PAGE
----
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Too close for comfort
As Iran prepares to enter the final stretch of its nuke development, the frisson of concern and even panic in Israel and the US is palpable. The issue uppermost in their minds is not that Iran will come to acquire nuclear strike capability. Rather, their cause of agitation has more to do with the regional strategic advantage that Iran will gain in the process. The US has been pulling at all the levers to dissuade Iran from pursuing its nuclear goal, but with little effect. US President Barack Obama could not have been more unequivocal in warning Iran about the consequences of persevering with its nuclear ambition. “What we’re going to be doing is to continue to engage internationally with Iran. If we can resolve this diplomatically, that’s a more lasting solution, but if not I continue to keep all options on the table.”
What are these options available to the US and Israel? The US is not in a position, economically, to wage an all-out war with Iran. That leaves it with the option of going for strategic air strikes on Iranian installations, which will, at best, only delay the process of nuclear empowerment for Iran but won’t fix the problem. Not only will it further constrict the room for diplomacy, exercising the air strike option will most likely push Iran to double down on its nuclear game plan.
While there are legitimate apprehensions about Iran’s nuclear mission, the US should not give in to paranoia. As in the case of Iraq, which the US foolishly came to believe was developing biological weapons of mass destruction, fears about Iran developing its Islamic nuclear bomb with the devious aim of wiping off Israel are surely misplaced and overblown. Iran is no match to the Jewish state even in conventional military terms and it will take generations of nuclear physics wizardry for it to come anywhere near to matching the nuclear potency of either Israel or the US. Even if Iran succeeds in making a nuclear bomb, it would not, unless its government were to lose sanity, be so presumptuous as to risk military hara-kiri by taking a swipe against Israel or American interests in the region.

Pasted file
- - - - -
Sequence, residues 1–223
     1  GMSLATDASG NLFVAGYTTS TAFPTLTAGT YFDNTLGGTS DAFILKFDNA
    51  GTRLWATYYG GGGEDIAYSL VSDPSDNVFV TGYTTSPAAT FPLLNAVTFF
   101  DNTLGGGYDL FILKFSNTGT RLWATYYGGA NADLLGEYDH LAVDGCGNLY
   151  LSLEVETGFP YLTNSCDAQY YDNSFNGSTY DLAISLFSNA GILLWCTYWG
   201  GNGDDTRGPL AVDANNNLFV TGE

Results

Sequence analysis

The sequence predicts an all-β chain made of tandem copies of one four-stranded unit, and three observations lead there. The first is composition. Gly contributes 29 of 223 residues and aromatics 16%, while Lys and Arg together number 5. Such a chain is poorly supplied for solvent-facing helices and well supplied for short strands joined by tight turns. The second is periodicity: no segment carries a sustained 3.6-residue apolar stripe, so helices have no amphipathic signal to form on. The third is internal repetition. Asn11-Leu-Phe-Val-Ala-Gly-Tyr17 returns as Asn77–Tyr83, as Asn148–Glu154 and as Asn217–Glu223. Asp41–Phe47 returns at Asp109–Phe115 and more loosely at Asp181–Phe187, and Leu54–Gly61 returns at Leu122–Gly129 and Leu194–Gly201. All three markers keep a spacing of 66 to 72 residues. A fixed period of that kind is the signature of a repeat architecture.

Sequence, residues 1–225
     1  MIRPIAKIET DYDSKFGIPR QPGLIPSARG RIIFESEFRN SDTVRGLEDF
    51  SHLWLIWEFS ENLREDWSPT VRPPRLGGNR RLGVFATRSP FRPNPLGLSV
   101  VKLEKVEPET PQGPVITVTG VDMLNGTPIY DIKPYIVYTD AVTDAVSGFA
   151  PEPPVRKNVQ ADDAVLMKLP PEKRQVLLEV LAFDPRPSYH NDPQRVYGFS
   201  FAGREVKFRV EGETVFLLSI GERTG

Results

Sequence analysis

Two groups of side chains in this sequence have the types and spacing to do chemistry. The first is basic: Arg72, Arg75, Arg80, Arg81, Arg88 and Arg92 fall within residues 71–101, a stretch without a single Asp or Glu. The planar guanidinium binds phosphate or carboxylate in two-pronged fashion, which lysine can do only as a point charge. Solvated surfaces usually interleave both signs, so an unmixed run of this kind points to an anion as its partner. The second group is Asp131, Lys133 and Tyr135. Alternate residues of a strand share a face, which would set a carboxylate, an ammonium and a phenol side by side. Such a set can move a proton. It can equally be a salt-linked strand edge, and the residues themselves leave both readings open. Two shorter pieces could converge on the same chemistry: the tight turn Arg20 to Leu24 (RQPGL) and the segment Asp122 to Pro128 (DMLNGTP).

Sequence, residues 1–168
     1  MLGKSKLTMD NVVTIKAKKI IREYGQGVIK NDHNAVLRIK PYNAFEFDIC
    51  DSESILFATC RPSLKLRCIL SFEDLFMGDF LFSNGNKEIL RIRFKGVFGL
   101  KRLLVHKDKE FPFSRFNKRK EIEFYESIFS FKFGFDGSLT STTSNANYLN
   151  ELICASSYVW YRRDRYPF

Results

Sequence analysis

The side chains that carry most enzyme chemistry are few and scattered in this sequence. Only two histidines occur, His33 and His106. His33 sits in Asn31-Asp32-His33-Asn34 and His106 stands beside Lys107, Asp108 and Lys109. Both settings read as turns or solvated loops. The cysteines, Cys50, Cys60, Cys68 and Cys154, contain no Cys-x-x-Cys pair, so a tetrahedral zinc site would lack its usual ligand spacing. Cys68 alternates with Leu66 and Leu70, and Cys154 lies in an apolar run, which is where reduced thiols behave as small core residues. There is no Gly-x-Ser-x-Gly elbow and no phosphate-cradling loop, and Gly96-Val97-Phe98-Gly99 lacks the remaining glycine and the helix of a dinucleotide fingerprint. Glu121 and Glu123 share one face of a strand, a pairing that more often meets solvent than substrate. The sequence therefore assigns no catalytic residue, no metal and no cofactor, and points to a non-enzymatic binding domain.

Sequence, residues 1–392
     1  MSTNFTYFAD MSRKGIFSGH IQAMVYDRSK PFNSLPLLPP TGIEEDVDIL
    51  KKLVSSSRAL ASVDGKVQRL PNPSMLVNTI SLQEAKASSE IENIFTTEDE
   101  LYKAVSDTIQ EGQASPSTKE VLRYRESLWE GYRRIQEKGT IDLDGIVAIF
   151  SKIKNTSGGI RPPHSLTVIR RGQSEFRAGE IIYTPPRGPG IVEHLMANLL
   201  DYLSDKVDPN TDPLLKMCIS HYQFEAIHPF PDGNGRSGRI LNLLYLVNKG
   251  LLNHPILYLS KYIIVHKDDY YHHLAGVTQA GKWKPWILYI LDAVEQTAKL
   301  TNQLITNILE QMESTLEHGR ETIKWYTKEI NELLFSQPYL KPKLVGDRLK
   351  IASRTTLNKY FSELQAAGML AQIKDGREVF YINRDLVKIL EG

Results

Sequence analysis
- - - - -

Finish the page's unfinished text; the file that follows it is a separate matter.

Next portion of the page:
However, the difference that a nuclear Iran will make is to realign the balance of power in the Middle East, which the US considers its strategic area of influence. A nuclear-armed Iran will induce many Muslim states in the region to look up to it for geo-political leadership, which has so far been the prerogative of Saudi Arabia, a traditional US ally. The prospects for this kind of political realignment will also deal a body blow to the American-Israeli hegemony in the region, and accentuate the Jewish state’s vulnerability in a region surrounded by inimical neighbours.
The prospect is also abhorrent to Saudi Arabia, which thanks to it being the seat of two of the holiest of Muslim sites in the world, its oil wealth and petro-dollar affluence, is given to calling the shots in the Muslim world. Understandably, the Gulf kingdom is loath to giving up its pre-eminent position in the region to a neighbourhood rival. Iran and Saudi Arabia share a long history of mutual animosity and are known not to see eye-to-eye on several issues. It is believed that Saudi Arabia has been nudging the US to ratchet up the heat on Iran to force it to give up its nuclear ambition. That’s plausible considering the two neighbours in the Gulf have always jockeyed to leverage influence in the region. With the overt support of the US, Saudi Arabia has been able to steal a march over Iran economically and geopolitically. But possession of nuclear power could change the status quo in favour of Iran, which is not an appeasing outcome for many players with stakes in the region.
Apart from upsetting the delicate balance of power in the Middle East, a nuclear Iran is also sure to trigger a nuclear race in the region. Such a development would set into motion a chain of events that could shake the very foundations of global stability and world order. Iran may have a lot at stake in plugging away at its nuclear project. But there are even larger issues at stake if the world fails to stop Iran in its track.